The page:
Kevin Rafferty: Yeah, water….along the lines of what Rama was mentioning, director Bong gave me his lighting crew and his camera crew for a day when we were …we filmed on stage for about a week and a half for all of the creature’s lair sequence, when she goes down there with the little boy. That was actually on an FX stage, so once we were done and could strike that set we actually built a black screen for me back in the back of the studio and they all moved back into Seoul to start setting up for more location work while the lighting crew, the camera crew, the FX guys and I stayed behind. I had a full day to shoot elements, so we did a lot of smoke and we did a lot of fire. We did kind of put comp real fire in with the CG fire and real smoke in with the CG smoke, but it just adds to the believability. But we did not shoot any water elements to that effect. We knew we could do rain, we could do splashes, we could do surface.
Were you guys part of the opening credit sequence or was that all…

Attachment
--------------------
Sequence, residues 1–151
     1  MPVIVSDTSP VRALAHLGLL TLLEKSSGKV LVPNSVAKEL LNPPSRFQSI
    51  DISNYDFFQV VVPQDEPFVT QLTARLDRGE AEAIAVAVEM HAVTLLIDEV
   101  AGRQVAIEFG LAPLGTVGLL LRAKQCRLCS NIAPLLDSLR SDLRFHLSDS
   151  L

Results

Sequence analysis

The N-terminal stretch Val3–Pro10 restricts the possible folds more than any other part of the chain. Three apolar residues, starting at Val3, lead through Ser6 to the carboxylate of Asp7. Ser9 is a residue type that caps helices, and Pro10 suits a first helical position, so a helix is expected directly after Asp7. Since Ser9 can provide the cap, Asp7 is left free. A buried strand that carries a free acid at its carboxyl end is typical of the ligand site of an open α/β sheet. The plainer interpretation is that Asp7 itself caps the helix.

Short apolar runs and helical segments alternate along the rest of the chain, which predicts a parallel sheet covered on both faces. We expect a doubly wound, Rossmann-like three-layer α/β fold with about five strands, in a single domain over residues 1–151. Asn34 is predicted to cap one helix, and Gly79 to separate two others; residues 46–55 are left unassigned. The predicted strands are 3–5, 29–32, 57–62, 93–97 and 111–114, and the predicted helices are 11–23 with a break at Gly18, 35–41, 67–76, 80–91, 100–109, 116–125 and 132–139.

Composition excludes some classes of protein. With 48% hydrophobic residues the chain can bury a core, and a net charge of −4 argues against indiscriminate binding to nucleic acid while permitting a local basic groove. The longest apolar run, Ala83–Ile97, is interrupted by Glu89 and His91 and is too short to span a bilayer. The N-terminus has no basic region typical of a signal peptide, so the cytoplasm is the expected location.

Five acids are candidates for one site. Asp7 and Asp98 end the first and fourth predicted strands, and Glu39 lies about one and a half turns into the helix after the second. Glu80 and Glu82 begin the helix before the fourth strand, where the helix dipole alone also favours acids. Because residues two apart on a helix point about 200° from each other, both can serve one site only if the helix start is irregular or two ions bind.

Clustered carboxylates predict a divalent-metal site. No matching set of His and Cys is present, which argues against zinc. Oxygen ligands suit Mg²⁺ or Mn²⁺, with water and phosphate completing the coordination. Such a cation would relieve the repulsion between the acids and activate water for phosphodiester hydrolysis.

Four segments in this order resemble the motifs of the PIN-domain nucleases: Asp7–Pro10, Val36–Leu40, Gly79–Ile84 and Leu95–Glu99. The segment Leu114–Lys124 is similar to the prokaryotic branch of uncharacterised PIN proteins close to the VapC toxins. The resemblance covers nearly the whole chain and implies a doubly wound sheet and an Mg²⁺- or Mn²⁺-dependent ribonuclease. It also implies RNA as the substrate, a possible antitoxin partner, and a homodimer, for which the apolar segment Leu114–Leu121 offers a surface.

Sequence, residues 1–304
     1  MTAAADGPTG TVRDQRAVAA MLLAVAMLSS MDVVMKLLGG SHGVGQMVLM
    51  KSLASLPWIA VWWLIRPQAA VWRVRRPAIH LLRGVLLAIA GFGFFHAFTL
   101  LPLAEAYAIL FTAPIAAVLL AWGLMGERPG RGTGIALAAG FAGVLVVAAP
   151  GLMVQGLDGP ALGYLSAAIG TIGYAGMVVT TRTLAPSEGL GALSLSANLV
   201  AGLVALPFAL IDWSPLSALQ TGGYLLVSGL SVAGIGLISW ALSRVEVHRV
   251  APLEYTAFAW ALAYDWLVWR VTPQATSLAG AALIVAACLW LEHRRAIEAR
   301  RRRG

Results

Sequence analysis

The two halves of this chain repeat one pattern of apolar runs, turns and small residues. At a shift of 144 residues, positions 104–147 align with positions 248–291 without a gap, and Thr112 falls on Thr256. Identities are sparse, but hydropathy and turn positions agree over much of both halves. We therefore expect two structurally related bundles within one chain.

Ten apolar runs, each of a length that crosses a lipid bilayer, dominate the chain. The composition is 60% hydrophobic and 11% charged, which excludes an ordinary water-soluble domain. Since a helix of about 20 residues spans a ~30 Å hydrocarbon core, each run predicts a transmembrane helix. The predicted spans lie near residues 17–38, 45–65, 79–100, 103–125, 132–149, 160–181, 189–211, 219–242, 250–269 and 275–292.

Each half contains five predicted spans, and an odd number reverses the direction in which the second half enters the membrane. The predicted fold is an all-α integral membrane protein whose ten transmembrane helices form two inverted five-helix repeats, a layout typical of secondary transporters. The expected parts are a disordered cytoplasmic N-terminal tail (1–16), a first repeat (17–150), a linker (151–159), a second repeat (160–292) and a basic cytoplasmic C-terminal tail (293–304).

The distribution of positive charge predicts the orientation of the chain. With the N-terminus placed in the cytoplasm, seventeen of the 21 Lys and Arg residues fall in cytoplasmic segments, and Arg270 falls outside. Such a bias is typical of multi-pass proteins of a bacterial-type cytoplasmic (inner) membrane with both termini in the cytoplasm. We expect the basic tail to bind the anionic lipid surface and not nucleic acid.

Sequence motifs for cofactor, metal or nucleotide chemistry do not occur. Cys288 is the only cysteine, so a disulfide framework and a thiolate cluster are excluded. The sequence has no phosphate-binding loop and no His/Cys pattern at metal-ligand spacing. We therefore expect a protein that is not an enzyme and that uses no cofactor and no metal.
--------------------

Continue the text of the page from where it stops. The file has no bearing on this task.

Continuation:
Kevin Rafferty: The opening credits?
Where the guy jumps in and then there the title?
Kevin Rafferty: No that’s all real.
Rama Dunayevich: The timing was such that it made our work day and their work day incredibly efficient.
Kevin Rafferty: Yeah, during principle photography it was a little bit of an extra effort on my part in that 90-95% of the film was location work – God was our gaffer, so we’d wrap about 6pm, we’d wrap at sunset – they’d usually have dinner there for the crew, "we’ve got an early day tomorrow, so why don’t you just eat before you go" and then I’d go back to the hotel, and the O(rphange) would already be done with their work day, and have thrown stuff up to the FTP site. I’d go back to the hotel, sit in the lobby area, download everything, and I would do shot reviews, and I’d type up all my notes, and as long as I got everything sent off before midnight, they would have them before the next workday -while we were sleeping they would be working on the stuff. I’d have a long day but it’d be totally worth it. When I got back stateside it was a cool way to do things, I’d get back to work, and one of the coordinators would be with me as well, and we would have a cut off time of about 4:30, 5 pm for things that we wanted to send for director Bong to review. We’d put everything on the FTP site, and the next morning we’d have director Bong’s review, which he’d videotape. He knows a fair bit of English, but when he gets passionate he speaks in Korean, so we had a Korean coordinator, and she’d translate it, though through his gesticulations I could sometimes beat her to the punch, and say something like "He wants more action in her tail there, doesn’t he?" And she’d look at me, asking "Do you know Korean?" (laughs)